#37 An Ancient Prayer for Modern Times
This prayer of the Byzantine rite (and Eastern Orthodox) is recited at all the daily liturgies in Lent.
The Prayer of St. Ephrem
Lord and Master of my life,
Spare me from the spirit of indifference, despair,
Lust for power and idle chatter. (prostration)
Instead, bestow on me, your servant,
The spirit of integrity, humility, patience and love. (prostration)
Yes, O Lord and King,
Let me see my own sins,
And not judge my brothers and sisters,
For you are blessed, forever and ever. Amen.
It amazes me how a prayer written around 400 AD can seem custom-made for the Facebook generation. Just like people throughout time, our generation struggles with pride, greed, envy, lust, and the like. But it seems to me that the many distractions of modern life make us even more vulnerable to some of the sins St. Ephrem mentions. At the very least, I know I am.
Indifference (or sloth) is the vice that makes it so much easier for me to click on “one more page” of a blog (*ahem*Catholicandenjoyingit*ahem*) than to send out job applications, do something considerate for my roommates, or stop by the chapel for daily Mass. There’s a constant stream of games, shows, and sites that we can turn to to hide from God and the world, and that self-isolation can lead a formerly faith-filled person to despair. There’s a loneliness in mass media and frivolous entertainment, an emptiness that crawls into my heart when I’m not paying attention and slowly starves the soul. Idle chatter is one of those things that doesn’t of its own accord, seem sinful, but whenever I prattle on long enough, I end up in gossip, half-truths, or uncharitable comments. So while I may consider idle chatter as more of a temptation to sin than a sin itself, I definitely think that considering the potential for sins of speech before a careless facebook post would be good for our souls and for the world.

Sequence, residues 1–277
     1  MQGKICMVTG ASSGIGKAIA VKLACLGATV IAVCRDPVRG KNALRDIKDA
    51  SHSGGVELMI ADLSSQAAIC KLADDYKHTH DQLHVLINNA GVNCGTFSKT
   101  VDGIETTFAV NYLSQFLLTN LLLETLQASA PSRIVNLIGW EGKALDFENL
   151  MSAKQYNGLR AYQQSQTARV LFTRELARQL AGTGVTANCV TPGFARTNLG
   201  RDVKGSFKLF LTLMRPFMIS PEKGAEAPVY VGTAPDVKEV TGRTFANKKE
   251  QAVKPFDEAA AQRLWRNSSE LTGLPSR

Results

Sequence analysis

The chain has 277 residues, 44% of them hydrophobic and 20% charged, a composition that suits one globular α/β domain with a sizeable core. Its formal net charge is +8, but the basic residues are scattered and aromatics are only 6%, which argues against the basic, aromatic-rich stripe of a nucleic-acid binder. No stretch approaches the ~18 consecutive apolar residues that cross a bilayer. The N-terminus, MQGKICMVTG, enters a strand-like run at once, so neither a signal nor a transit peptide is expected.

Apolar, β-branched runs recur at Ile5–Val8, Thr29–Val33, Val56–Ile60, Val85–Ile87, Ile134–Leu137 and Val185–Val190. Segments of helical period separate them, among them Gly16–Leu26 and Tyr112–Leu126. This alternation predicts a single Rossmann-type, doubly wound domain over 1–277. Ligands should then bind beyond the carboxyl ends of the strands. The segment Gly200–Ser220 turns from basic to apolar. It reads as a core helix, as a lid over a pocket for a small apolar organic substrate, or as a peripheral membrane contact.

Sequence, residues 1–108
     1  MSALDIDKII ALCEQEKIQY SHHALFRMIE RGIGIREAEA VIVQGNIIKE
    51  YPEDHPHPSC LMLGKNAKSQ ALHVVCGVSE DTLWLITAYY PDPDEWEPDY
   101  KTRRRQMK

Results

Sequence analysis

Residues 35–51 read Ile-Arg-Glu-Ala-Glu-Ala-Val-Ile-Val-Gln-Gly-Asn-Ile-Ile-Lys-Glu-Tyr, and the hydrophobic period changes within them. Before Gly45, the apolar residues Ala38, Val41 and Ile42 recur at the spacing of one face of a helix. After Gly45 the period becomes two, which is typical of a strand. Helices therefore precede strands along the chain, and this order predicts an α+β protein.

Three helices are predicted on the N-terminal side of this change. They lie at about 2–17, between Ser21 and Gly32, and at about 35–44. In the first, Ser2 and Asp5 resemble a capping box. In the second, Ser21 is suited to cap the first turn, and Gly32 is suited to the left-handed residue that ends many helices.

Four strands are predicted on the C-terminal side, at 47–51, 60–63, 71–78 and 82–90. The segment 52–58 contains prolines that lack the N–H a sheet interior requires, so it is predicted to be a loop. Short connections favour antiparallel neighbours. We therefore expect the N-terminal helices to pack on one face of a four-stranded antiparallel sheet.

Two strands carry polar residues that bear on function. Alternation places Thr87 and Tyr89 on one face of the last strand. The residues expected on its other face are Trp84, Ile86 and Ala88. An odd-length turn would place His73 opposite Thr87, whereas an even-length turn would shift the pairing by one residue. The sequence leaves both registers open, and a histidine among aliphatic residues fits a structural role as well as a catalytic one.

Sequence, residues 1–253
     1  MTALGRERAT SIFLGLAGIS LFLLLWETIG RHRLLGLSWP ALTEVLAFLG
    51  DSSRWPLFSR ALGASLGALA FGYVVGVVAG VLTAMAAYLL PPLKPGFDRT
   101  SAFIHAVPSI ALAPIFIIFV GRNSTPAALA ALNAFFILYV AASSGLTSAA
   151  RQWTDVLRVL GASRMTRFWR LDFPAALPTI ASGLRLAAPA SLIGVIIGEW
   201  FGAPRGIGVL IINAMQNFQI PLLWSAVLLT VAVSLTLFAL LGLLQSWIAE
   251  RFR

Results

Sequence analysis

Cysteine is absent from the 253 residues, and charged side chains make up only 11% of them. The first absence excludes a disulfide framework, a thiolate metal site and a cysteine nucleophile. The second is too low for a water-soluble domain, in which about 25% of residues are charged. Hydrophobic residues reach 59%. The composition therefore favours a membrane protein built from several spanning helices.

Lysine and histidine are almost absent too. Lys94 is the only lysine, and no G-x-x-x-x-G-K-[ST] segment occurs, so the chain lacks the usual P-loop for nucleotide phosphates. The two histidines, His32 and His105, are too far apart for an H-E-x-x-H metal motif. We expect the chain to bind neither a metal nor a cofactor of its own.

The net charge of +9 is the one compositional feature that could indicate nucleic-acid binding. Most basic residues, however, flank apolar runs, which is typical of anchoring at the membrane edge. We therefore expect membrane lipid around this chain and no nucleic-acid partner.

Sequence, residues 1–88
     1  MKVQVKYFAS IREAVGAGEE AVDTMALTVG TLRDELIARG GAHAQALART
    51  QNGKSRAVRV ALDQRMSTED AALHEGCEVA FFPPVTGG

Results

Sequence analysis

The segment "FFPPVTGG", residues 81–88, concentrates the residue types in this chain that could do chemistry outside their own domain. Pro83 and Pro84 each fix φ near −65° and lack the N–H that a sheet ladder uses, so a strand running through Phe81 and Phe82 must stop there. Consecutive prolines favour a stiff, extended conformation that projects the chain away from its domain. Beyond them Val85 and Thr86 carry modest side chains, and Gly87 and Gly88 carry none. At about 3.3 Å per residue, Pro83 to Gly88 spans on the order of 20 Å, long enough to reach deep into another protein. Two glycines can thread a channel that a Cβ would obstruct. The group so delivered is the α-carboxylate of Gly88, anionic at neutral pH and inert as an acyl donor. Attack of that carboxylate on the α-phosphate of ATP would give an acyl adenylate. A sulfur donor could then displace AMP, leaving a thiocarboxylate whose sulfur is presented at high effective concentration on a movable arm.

After listing these oh-so-familiar sins, the next step in reciting the prayer is the first prostration. A prostration in the Byzantine rite involves kneeling down, lowering my head and kissing the floor. Touching my lips to the rug of our campus Byzantine chapel is a truly unusual and humbling experience. I love how physical a sign it is, how it quite literally embodies the virtues of humility and integrity.
On Good Friday, it’s traditional in my house to turn off entertainment like the radio and TV; we even avoid singing to ourselves (which is very, very difficult for me). Tuning out all those sources of noise really helped me tune in to the sacred events of today. While the season of St. Ephrem’s prayer at liturgy is coming to a close, I think I will carry on that prayer in my heart by making more “unplugged” time to think, pray, and relate to others meaningfully in a spirit of integrity, humility, patience, and love.
God bless you all this Good Friday and always!
“We adore you, O Christ, and we praise you
Because by your holy cross you have redeemed the world.”